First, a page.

Assessment of donor steatosis in liver transplantation: is it possible without liver biopsy?
Article first published online: 17 APR 2009
© 2009 John Wiley & Sons A/S
Volume 23, Issue 4, pages 519–524, August/September 2009
How to Cite
Cucchetti, A., Vivarelli, M., Ravaioli, M., Cescon, M., Ercolani, G., Piscaglia, F., Gaudio, M. D., Grazi, G. L., Ridolfi, L. and Pinna, A. D. (2009), Assessment of donor steatosis in liver transplantation: is it possible without liver biopsy?. Clinical Transplantation, 23: 519–524. doi: 10.1111/j.1399-0012.2009.00987.x
- Issue published online: 28 JUL 2009
- Article first published online: 17 APR 2009
- Accepted for publication 20 March 2009
- graft injury;
- liver donor;
- liver steatosis;
- liver transplantation;
- organ procurement
Abstract: Background: Macrovesicular steatosis of the liver is associated with early dysfunction or poor function of the graft after transplantation; however, it can be quantified accurately only through a liver biopsy that sometimes may not be available and whose result is anyway known when the recipient has already been selected. It would, therefore, be helpful to be able to predict the degree of steatosis, on the basis of non-invasive readily available variables.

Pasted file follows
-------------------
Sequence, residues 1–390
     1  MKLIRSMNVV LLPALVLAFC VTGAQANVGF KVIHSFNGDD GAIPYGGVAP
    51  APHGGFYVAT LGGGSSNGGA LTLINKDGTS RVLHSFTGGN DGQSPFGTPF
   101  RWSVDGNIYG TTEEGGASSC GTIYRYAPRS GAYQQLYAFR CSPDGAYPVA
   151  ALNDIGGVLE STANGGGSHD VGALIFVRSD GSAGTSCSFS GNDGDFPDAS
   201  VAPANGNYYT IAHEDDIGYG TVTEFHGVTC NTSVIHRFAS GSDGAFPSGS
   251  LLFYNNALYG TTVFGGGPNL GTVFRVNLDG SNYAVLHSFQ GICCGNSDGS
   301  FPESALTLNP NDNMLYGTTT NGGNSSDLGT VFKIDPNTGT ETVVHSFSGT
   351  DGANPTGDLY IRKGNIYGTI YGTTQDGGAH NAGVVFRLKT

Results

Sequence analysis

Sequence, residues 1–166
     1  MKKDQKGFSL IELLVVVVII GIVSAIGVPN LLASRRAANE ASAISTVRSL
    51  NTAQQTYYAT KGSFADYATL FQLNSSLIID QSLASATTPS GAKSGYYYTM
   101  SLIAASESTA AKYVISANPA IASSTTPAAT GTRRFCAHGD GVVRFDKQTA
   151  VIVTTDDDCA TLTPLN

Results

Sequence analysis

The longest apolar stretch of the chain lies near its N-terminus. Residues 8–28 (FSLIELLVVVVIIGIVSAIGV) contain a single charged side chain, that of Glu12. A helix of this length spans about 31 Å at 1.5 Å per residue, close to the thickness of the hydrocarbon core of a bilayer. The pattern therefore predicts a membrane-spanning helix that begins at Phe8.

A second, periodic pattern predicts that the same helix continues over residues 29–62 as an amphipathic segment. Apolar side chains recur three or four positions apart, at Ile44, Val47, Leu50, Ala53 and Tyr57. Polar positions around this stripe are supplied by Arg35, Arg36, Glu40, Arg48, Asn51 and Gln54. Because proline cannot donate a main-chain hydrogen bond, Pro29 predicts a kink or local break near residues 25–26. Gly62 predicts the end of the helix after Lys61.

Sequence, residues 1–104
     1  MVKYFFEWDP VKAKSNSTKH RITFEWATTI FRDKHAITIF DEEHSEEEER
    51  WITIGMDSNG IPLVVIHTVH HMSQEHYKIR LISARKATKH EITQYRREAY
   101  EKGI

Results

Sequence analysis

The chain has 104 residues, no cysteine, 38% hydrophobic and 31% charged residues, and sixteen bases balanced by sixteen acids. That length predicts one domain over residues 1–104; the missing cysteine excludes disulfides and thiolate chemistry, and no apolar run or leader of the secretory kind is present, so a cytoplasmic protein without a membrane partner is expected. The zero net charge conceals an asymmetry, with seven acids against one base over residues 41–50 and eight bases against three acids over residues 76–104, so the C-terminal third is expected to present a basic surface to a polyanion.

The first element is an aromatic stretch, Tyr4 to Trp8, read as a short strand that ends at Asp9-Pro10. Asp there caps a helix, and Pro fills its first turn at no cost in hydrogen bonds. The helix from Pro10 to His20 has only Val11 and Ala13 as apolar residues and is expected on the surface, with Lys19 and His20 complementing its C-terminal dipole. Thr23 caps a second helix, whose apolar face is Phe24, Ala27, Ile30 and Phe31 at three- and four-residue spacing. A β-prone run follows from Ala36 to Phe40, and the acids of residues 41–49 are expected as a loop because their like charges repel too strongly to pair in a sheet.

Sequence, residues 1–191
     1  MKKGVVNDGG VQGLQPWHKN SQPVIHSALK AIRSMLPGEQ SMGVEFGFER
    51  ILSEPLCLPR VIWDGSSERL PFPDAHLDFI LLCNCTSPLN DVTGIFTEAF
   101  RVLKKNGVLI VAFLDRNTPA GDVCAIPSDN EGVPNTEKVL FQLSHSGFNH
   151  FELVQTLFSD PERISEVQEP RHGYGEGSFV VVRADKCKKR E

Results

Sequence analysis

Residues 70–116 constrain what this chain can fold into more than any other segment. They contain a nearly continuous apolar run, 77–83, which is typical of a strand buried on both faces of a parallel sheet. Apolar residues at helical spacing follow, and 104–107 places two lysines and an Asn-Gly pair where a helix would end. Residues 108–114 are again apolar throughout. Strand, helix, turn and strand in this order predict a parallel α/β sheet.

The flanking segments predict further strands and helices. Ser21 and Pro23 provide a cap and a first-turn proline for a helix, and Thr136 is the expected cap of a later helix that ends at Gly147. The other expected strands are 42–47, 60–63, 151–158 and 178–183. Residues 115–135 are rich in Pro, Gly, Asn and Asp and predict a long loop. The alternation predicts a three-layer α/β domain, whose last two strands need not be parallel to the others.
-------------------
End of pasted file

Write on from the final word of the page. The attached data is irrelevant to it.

Methods: Data from 374 deceased liver donors from whom a liver biopsy had been taken were analyzed with the receiver operating characteristic area [area under the curve (AUC)] to identify variables that could predict the degree of macrovesicular steatosis classified as: absent to mild (0–30%) and moderate to severe (>30%).
Results: Steatosis was associated significantly with donor age, increased body mass index (BMI), presence of type II diabetes, ultrasonographic features, heavy alcohol consumption, transaminases [aspartate-aminotransferase and alanine-aminotransferase (ALT)], gamma-glutamyl-transpeptidase, and glucose blood levels. The combination of BMI, elevation of ALT, presence of type II diabetes, history of heavy alcohol consumption, and ultrasonography signs of steatosis could identify steatosis >30% accurately with an AUC of 0.86 (95% CI = 0.81–0.91).
Conclusion: Fatty infiltration in liver donors can be estimated based on clinical and biochemical parameters.